Pellicciotti sponsors bill to enact “cooling off” period from lobbying

  • Tuesday, January 24, 2017 11:19am
  • News
Pellicciotti sponsors bill to enact “cooling off” period from lobbying

Attorney General Bob Ferguson, state Sen. Reuven Carlyle and Rep. Mike Pellicciotti (D-Federal Way) – on the House side – recently reintroduced their government ethics proposal to establish a one-year lobbying prohibition for former high-ranking state officials. The legislation also requires disclosure of where former officials are employed after state service, if they are paid by an entity that does business with or lobbies the state.

Under current law, many state officials and employees can leave a state job and start work the following day as a lobbyist paid to influence former colleagues.

In 2015, Washington received a D+ for government accountability from the Center for Public Integrity on its scorecard assessing rules governing disclosure, accountability and influence peddling. While Washington ranked better than most states (coming in eighth overall), a key factor in Washington’s low grade is the lack of a “cooling off” period before public officials can lobby their former co-workers. The Center described this revolving door as a “big ethical loophole” in Washington.

“I continue to believe it is unacceptable for a government official to conclude their public service on Friday and begin paid corporate lobbying on Monday,” said Carlyle. “I’m committed to partnering with Attorney General Ferguson and Rep. Pellicciotti until this important ethics improvement is the law of the land.”

Pellicciotti sponsors House bill 1159, which would establish a one-year “cooling off” period for elected officials, agency heads and senior staff as follows:

Category A

Officials covered: statewide elected officials, state legislators, heads of executive cabinet agencies, and chiefs of staff or top administrators and other senior executive staff of such agencies and offices.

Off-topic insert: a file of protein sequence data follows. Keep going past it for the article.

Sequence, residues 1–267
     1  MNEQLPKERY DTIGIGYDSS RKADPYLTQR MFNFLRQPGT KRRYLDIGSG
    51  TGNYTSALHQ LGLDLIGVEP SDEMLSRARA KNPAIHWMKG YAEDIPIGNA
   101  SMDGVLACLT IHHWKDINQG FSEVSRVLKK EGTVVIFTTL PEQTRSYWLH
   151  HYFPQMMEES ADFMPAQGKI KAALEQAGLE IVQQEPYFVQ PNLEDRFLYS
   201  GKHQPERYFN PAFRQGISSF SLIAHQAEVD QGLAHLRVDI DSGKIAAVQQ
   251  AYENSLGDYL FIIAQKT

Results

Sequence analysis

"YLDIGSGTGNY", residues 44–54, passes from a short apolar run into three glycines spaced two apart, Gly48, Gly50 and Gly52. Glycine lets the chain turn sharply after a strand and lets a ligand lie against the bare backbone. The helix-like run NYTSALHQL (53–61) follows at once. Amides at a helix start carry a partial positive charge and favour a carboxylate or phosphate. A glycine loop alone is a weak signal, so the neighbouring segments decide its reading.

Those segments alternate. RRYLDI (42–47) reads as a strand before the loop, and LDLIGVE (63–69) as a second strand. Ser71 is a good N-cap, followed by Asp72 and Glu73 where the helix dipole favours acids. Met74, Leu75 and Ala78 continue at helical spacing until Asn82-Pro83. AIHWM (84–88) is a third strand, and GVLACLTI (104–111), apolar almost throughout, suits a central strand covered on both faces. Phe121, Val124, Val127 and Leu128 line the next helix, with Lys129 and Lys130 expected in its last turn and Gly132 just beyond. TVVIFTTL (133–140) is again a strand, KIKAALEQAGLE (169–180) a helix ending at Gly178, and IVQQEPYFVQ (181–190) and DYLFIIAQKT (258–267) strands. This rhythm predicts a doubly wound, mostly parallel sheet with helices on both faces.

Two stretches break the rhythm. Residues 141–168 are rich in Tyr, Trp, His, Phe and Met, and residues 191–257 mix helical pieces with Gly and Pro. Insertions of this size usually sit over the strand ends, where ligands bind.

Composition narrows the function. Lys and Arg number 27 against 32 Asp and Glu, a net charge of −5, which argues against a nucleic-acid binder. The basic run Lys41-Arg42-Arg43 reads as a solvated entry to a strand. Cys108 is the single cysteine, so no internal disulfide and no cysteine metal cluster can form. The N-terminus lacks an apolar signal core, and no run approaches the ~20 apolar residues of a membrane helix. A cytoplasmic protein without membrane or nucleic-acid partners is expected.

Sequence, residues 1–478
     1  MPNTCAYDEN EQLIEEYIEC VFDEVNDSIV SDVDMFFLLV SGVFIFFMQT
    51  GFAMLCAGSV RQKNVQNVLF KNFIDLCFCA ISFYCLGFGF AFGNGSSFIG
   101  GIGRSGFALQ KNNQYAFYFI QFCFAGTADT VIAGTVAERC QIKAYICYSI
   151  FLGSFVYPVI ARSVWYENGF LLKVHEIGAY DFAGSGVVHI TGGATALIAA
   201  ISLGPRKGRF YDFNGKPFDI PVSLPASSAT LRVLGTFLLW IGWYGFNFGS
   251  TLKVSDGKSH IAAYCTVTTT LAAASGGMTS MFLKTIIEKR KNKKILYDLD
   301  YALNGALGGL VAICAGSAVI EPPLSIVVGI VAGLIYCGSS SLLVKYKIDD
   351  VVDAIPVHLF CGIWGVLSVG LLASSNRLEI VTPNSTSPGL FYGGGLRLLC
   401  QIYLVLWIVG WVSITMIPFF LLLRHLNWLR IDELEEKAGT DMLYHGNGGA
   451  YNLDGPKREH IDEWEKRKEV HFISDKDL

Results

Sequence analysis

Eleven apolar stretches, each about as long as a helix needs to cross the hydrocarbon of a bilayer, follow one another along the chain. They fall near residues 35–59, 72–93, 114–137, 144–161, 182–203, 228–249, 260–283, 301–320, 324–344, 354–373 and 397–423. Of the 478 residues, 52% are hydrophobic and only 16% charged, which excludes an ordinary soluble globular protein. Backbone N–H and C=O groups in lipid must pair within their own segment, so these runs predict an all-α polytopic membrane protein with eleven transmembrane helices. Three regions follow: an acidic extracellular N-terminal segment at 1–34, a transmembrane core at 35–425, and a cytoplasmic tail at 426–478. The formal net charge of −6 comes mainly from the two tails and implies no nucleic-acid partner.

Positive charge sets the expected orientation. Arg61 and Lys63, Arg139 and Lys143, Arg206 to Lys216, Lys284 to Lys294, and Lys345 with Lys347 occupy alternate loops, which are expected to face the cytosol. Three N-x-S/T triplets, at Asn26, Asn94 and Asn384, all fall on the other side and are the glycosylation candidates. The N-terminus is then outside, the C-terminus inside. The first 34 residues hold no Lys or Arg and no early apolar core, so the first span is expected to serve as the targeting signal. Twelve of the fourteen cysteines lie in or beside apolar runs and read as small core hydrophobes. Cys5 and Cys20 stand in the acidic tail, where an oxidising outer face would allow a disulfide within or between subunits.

May not: Serve as a paid lobbyist for others, be paid to attempt to influence state action by a state agency.

Category B

Officials covered: Heads of agencies not covered in Category A, and chiefs of staff or top administrators and other senior executive staff of such agencies and offices.

May not: Serve as a paid lobbyist for others regarding the former employer agency’s matters, be paid to attempt to influence state action by the former employing agency.

The bill also requires disclosure from former elected officials, agency heads and senior-level staff when leaving state service if he or she receives compensation from an entity that does business with or lobbies the state.

“I have heard from countless members of my district that they want a new way of doing business in Olympia,” Pellicciotti said. “This bill is a common-sense way to instill more public confidence in government.”

“We hold very high ethical standards in Washington, but in this area we are failing,” said Sen. Mark Miloscia (R–Federal Way), chair of the Senate State Government Committee. “Changing this rule will help ensure our state leaders are focused on public service, not using positions of influence as a stepping stone to a payday.”

The federal government and at least 31 states require a “cooling off” period to slow the revolving door between the public and private sectors, according to the National Conference of State Legislatures. As far back as 1872, Congress enacted laws restricting former public officials and employees from lobbying.

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